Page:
Search International Hotels
TEN MEMBERS OF CONGRESS JOIN LABELING BILL
The Center for Food Safety (CFS) applauded a bill introduced by Rep. Chellie Pingree (D-ME) Friday that would require the labeling of lean finely textured beef (LFTB) – the ammonia-treated ground beef filler coined “pink slime” by a former U.S. Department of Agriculture (USDA) official.
“Consumers have spoken loud and clear that they don’t want to eat ‘pink slime’,” said Elisabeth Holmes, staff attorney, for the Center for Food Safety. “This bill will ensure that industry responds to consumer concerns by disclosing the true nature of meat products sold to the public, and is no longer allowed to hoodwink Americans,” she added.
LFTB – manufactured by Beef Products Inc. (BPI) – is made by gathering waste trimmings from beef, simmering them at low heat so the fat separates easily from the muscle, and spinning the mixture in a centrifuge. Next, the filler is sprayed with ammonia gas to kill pathogens like E. coli and salmonella. The product is then molded, frozen, and shipped to grocery stores and meat packers, where it is mixed into in an estimated 70 percent of ground beef in the United States.
The Requiring Easy and Accurate Labeling of Beef Act (REAL Beef Act) would require any beef containing ‘finely textured ground beef’ to have a label at the final point of sale. The bill’s 10 initial co-sponsors include Representatives Chris Van Hollen (D-MD), Betty McCollum (D-MN), Dennis Kucinich (D-OH), Barbara Lee (D-CA), Eleanor Holmes Norton (D-DC), Rush Holt (D-NJ), Tim Ryan (D-OH), Adam Schiff (D-CA), Jerry Lewis (D-CA) and Jan Schakowsky (D-IL)..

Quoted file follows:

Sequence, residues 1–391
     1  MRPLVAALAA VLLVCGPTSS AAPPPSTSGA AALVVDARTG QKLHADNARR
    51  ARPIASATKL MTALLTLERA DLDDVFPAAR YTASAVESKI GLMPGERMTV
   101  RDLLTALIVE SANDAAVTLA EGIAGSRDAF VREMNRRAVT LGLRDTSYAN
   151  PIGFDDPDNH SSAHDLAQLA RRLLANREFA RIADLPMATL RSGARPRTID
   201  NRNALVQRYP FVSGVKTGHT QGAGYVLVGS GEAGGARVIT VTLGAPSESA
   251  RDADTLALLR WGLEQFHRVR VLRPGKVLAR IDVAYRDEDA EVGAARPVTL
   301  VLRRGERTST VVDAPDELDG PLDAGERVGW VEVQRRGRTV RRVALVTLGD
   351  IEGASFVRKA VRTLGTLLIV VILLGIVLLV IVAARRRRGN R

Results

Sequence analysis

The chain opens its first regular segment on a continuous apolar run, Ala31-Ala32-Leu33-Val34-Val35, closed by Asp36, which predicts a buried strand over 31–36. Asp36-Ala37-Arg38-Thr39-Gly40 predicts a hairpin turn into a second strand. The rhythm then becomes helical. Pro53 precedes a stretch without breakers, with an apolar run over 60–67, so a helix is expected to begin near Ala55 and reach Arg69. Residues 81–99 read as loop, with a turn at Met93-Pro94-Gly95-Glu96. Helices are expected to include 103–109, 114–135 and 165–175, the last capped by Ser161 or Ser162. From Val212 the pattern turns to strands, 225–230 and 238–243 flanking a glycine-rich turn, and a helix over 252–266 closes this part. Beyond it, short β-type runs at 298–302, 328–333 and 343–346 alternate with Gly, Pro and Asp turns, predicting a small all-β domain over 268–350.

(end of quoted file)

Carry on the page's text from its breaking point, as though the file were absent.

BPI, the meat industry and, most recently, governors and USDA officials have defended using ammonia, saying it reduces bacteria. This claim was soundly disputed in 2009 in a Pulitzer-prize winning exposé by the New York Times, which found that ground beef containing LFTB was four times more likely to contain salmonella than other forms of ground meat.
In response to mounting public concern and calls from Rep. Pingree and others in Congress over the use of “pink slime” in school lunches, the USDA said it will offer school districts a choice in purchasing ground beef as part of their federally-subsidized school foods programs, although many questions remain regarding economics and feasibility. Major fast food chains such as McDonald’s, Taco Bell and Burger King previously announced they had stopped using “pink slime” in their products. Additionally, the top two supermarket chains in the country – Kroger and Safeway –said they will cease selling ground beef made with the filler nationwide.
“The meat industry remains defiant in its unwillingness to provide full disclosure for its customers,” said Michele Simon, policy consultant with Center for Food Safety. “This bill helps shed light on a process that has remained hidden for far too long.”
For more on “pink slime,” please visit CFS’s website: http://truefoodnow.org/2012/03/14/food-safety-update-pink-slime-a-symptom-of-industrialized-meat/
# # #
The Center for Food Safety is a national, non-profit, membership organization founded in 1997 to protect human health and the environment by curbing the use of harmful food production technologies and by promoting organic and other forms of sustainable agriculture.